The Supreme Court of the United States (SCOTUS), snuck around in the early morning hours Saturday to decree that stopping a Texas law which discriminates on racial grounds would be unfair to Republicans in Texas who have worked so hard to disenfranchise those who might vote against them.
Justice Ruth Bader Ginsburg wrote (another) scathing dissent which was also signed by Justices Sotomayor and Kagan.
Sadly, three votes to protect the right to vote is as meaningful as zero votes on a court intent upon disenfranchising those who would vote against their preferred political party. It is not enough to be right, we need to win these, especially the obvious ones.
Justice Ginsburg harkens back to the mindnumbing disconnect from reality present in the majority’s Shelby v Holder ruling last year that struck preclearance from the Voting Rights Act. Chief Justice Roberts declared that we are now post-racial and there is no need to consider history, blahblah, pesky facts, blahblah. But, as Justice Ginsburg notes in her dissent “racial discrimination in elections in Texas is no mere historical artifact. To the contrary, Texas has been found in violation of the Voting Rights Act in every redistricting cycle from and after 1970.”
An estimated 600,000 citizens in Texas have not paid the 2014 version of the poll tax and will not have the required ids needed to vote this year.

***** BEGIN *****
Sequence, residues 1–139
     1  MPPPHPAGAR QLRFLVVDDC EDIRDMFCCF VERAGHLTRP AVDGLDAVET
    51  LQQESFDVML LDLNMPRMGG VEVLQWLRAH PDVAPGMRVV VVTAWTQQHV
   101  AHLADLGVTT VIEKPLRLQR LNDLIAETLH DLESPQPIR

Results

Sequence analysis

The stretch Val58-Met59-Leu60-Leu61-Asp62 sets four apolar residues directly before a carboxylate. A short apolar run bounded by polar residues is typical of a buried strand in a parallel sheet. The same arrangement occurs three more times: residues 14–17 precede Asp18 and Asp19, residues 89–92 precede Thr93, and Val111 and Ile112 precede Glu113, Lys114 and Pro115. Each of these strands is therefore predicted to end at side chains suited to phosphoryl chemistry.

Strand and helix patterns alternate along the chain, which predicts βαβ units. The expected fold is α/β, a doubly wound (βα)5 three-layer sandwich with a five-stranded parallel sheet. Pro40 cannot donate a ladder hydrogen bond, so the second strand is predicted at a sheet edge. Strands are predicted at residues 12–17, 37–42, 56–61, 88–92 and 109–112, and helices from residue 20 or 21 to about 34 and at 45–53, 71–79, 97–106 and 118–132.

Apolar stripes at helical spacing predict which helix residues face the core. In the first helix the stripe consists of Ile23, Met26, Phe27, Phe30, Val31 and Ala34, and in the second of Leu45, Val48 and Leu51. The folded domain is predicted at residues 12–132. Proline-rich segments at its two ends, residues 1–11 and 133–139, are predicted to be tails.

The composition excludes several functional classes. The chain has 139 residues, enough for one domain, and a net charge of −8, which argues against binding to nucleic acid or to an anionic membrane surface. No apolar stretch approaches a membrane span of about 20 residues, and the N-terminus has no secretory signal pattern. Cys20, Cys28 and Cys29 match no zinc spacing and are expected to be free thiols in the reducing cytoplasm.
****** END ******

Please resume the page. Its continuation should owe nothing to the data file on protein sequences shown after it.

THAT is how Republicans win: by denying the right to vote to those who are likely to vote against them. They can’t win on their ideas and this is the last desperate gasp of a party soon to become a minoritea. That moment will likely be delayed unless we can convince two more justices that the right to vote is a fundamental right under our constitution and that artificial barriers to voting should be stricken.
Really, how can they let this stand? Justice Ginsburg:
The greatest threat to public confidence in elections in this case is the prospect of enforcing a purposefully discriminatory law, one that likely imposes an unconstitutional poll tax and risks denying the right to vote to hundreds of thousands of eligible voters.
Stop hurting America, SCOTUS. Give us back our democracy.
1. government by the people; a form of government in which the supreme power is vested in the people and exercised directly by them or by their elected agents under a free electoral system.